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I had some questions about my new planer I got as a gift.

1) Sharpening the blade How many times could I sharpen the blade before it becomes inaccurate. I was thinking once, maybe twice. But I a sure that somebody has done it and has a good idea on that.

2) The belt I already ran into a problem. The company does not seem to directly sell the belts for the planer. So what size is typical or what kind of belt do they use?

3) Greasing the gears This was recommended in the book. But how often do I need to do this. And better yet, I do not know what kind of grease to use with this kind of stuff.

4) Grain direction I know you want to go with the grain. But what if I where to say make a board that had to be feed cross grain. Any way to make it safer? I was thinking just make shallow cuts. Which I already do at 1/32 of a inch at a time.

Well to be honest I really do not have any other question as of now. But anything that you have to recommend to me with this new planer, since it is my first one. Thanks!

closed as too broad by rob Jan 22 '17 at 5:51

Please edit the question to limit it to a specific problem with enough detail to identify an adequate answer. Avoid asking multiple distinct questions at once. See the How to Ask page for help clarifying this question. If this question can be reworded to fit the rules in the help center, please edit the question.

  • "...before it becomes acculturate" . The term acculturate does not appear to apply. Did you mean inaccurate? unusable? – Ashlar Jan 19 '17 at 21:31
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    FYI 1/32" is not a shallow cut in a planer. You can go much shallower than this (presumably depending somewhat on the model) and if you want to ever plane cross-grain you're going to want to. AFAIK you never want to send material through a planer sideways, judging from the surface you get doing it with a hand plane I can guess why! Also there's great potential for the rear edge to tear away (called spelching) which may be a safety issue as well as the damage to the board. – Graphus Jan 19 '17 at 23:18
  • @ashlar sorry that is what I meant – Ljk2000 Jan 20 '17 at 17:48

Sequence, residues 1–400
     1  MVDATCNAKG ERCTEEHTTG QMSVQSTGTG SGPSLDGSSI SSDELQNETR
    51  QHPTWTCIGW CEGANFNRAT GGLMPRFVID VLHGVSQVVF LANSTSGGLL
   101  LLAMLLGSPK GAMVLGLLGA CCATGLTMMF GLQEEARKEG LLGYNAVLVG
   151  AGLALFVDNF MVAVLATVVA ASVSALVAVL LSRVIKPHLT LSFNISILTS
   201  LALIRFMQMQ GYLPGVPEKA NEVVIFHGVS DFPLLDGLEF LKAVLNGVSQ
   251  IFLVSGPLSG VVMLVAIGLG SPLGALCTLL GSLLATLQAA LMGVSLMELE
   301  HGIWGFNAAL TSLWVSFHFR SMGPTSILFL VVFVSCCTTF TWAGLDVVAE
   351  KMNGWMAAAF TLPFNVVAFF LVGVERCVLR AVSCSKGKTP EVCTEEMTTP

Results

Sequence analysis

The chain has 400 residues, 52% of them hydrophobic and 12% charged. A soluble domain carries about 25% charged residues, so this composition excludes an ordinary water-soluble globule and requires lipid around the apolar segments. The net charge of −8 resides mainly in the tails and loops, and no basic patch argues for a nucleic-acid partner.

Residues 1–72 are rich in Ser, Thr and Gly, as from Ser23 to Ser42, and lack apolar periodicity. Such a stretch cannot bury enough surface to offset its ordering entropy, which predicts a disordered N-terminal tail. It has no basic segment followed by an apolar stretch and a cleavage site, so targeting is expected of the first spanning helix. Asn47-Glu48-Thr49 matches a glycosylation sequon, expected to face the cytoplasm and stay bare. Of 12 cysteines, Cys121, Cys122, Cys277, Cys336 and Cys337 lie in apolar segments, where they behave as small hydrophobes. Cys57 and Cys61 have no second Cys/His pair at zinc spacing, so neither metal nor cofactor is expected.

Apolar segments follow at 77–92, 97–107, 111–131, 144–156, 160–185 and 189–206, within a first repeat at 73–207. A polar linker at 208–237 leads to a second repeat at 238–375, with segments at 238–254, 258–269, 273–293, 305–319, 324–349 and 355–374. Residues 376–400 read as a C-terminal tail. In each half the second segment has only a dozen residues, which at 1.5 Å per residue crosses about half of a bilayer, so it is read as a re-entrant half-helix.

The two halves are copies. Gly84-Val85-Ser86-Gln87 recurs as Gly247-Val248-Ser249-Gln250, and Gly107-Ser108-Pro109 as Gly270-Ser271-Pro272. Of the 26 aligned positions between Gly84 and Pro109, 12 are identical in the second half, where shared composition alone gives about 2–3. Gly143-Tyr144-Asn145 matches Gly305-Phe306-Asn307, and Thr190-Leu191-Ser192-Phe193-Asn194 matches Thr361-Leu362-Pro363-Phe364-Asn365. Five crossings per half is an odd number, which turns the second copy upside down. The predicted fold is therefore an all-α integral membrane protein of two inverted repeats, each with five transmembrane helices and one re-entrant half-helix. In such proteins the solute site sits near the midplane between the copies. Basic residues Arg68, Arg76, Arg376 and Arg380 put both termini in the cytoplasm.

• @Graphus yes my planer can go way shallower. I could make 128th inch passes with ease. The most is 3/32 (but not on very wide boards, may be hard on it). – Ljk2000 Jan 20 '17 at 17:50
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    I put this on hold because you are actually asking many specific distinct questions under one. If you edit this one to include only 1 question, and break the others out into separate questions, it will fit the SE format much better, and will serve future visitors, as well--ideally, please also try to make each question apply to a broad audience, not just those with a specific brand or model of tool. – rob Jan 22 '17 at 5:55
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  1. Sharpening the Blade I have a similar table top planer (Delta). The blades are reversible so I use them for a year or until I otherwise notice significant degradation in the surface smoothness. Flipping the blades takes less than a half hour. I have been reluctant to sharpen them and find $30 in new blades every couple years is reasonable in my case so I can't offer more insight into this.
  2. The Belt. There is no standard size for the belt, it will vary per manufacturer and model. Your manual should include an exploded parts view that should identify the belt. (or go online).
  3. Greasing the gears. I assume you are referring to the leveling gears. There is no maintenance schedule I am aware of. Inspect them now and then check annually to verify they are still working well and have sufficient lubricant.
  4. Grain Direction. There is no real safety issue with grain direction. Rather, if the board runs through backwards or sideways there is increased risk that the cutting edge will raise grain that travels deeper into the board, causing "tear-out" in which chips of wood are lifted off of the surface leaving gouges. If you run the board through in a cross grain direction the blade is more likely to pull out longer wood fibers causing similar surface imperfections. Running the board with the grain is best, but if you can't, you can reduce the risk of tear-out by making very shallow passes removing very little material in each run.
  • I would have to say very much the same with the blades. They are reversible and are $30 for the 3 blades. And about every year, sounds like you can get a LOT out of the blades before going dull. – Ljk2000 Jan 20 '17 at 17:51
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    @Ljk2000 That is affordable but I think I should mention that resharpening planer blades is very much a done thing, we even have a previous Q&A on it. Don't at all think it's something too difficult for you to do, just a few strokes on the leading edge followed by a gentle lapping of the flat of the blade is enough to get the blade sharper again. And you can take it further to make it sharper than it came from the factory. So this can be VERY worth doing to improve results, e.g. on tricky wood. – Graphus Jan 20 '17 at 19:19

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